Kudos to our own Julie Miller, who, as National Conference Chair for the 2010 NGS Family History Conference has put together a fresh, internationally-focussed compilation of lectures over four days that will set your genealogical course for the next many months of research.
The NGS conference takes place April 28-May 1 in Salt Lake City. Only a few times over the span of several years do we Westerners get a chance to be within driving distance of a national conference. And folks, this is Salt Lake City! And, at the risk of reciting a lame cliche, “I hear there’s a pretty good library there.”
The only bad news is, the Salt Lake Plaza Hotel, located next door to the Library, is already full up (no surprise there). The Radisson is the central conference hotel.
The conference will be held in the Salt Palace Convention Center, in the back side, located a short distance from the hotel, only a few steps from your room! If you’ve been to conferences in the past in Salt Lake City, you know we’ve had to walk clear down the block and around the corner and walk another loooong block to the entrance to the Salt Palace, but this year, it’s a much shorter walk.
The Family History Library has extended its research hours until 11PM, with shuttle buses offering rides from the Library back to three of the designated conference hotels (Radisson, Shiloh, and Crystal Inn), all the more reason to stay at one of these hotels. This eliminates walking late at night, although I’ve never been worried about unsavory characters on the streets of the Mormon City.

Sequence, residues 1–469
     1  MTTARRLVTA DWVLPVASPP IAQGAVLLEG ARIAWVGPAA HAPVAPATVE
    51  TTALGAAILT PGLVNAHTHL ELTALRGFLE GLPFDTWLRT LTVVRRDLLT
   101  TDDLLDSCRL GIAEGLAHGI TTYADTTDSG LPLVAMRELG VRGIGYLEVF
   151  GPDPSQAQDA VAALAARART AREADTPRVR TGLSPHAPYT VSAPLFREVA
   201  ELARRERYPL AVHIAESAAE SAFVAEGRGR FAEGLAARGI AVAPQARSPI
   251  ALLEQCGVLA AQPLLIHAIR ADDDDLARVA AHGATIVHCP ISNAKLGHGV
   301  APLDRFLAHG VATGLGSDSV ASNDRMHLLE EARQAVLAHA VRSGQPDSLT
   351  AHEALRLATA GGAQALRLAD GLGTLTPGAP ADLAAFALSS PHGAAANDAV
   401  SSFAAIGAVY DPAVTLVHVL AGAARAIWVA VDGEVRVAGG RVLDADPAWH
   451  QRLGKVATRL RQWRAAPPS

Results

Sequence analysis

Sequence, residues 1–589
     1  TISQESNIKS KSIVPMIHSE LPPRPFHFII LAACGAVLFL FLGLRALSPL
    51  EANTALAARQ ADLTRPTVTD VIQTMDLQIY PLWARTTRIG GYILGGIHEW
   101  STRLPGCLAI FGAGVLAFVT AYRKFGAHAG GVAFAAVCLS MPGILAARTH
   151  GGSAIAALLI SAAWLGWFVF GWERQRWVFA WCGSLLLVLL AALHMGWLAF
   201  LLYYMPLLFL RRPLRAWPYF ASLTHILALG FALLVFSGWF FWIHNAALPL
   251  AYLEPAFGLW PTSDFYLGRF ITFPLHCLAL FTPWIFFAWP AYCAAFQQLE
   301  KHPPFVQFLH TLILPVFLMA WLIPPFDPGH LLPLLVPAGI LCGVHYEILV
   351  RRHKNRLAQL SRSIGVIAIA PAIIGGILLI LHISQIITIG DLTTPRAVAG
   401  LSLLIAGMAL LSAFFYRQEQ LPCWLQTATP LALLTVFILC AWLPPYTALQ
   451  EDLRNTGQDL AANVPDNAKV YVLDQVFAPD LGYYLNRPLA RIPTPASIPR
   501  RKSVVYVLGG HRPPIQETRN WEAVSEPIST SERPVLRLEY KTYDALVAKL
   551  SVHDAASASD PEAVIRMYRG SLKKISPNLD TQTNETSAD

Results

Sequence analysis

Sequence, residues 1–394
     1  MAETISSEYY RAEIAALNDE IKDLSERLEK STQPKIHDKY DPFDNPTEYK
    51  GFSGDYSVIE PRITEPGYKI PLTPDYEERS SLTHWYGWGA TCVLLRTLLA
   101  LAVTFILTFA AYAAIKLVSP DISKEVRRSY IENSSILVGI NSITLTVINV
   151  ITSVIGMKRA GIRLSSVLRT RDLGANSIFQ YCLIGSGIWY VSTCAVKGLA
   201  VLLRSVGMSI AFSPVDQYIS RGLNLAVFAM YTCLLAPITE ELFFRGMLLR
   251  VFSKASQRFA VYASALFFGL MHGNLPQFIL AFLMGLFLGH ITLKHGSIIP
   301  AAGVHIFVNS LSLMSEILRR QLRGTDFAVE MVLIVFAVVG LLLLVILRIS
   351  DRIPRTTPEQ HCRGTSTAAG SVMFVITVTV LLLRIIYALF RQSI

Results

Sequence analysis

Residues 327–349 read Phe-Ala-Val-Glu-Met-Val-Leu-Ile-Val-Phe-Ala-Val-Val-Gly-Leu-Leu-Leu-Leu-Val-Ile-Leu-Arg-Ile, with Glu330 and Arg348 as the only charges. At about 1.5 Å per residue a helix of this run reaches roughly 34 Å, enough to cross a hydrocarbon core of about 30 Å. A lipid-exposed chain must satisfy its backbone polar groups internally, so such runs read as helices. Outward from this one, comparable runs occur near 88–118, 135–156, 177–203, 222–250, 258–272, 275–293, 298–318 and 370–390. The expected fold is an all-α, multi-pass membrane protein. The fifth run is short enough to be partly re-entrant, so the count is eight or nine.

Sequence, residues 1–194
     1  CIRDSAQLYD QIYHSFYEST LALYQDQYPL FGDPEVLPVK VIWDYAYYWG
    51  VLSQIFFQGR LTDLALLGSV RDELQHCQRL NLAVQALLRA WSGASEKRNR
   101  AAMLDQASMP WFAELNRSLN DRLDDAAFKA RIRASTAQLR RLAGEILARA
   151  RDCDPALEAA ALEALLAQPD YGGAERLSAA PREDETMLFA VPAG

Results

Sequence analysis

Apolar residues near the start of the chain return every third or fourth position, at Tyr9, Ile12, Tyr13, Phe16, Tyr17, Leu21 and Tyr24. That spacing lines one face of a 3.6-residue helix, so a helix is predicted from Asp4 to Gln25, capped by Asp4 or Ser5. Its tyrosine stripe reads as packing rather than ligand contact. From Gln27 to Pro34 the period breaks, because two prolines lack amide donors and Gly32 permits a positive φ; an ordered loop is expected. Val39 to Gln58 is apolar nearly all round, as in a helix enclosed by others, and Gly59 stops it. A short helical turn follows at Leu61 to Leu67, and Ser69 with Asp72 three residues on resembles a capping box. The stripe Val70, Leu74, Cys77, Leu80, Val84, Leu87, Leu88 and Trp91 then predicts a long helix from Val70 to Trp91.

There is lots of information about the conference, including the conference program at www.ngsgenealogy.org, at Conferences and Events.
So get a carpool together, update your genealogy database, grab your credit card to load up your FHL research card for making copies and CDs, and register for the conference. In case I didn’t mention it, it’s within driving distance!
Or, do the Duff Method of travel: take the train. Amtrak leaves Denver early in the morning, clickety-clacks through the scenic mountains of Colorado and plains of Utah, arriving in Salt Lake City in time to make it to the hotel for a good night’s sleep. And then, on the way back home, you can spend all your time entering your new data into your genealogy program. Or, more to my liking, catching up on your sleep.
Either way, it’s a good year to be a Westerner.
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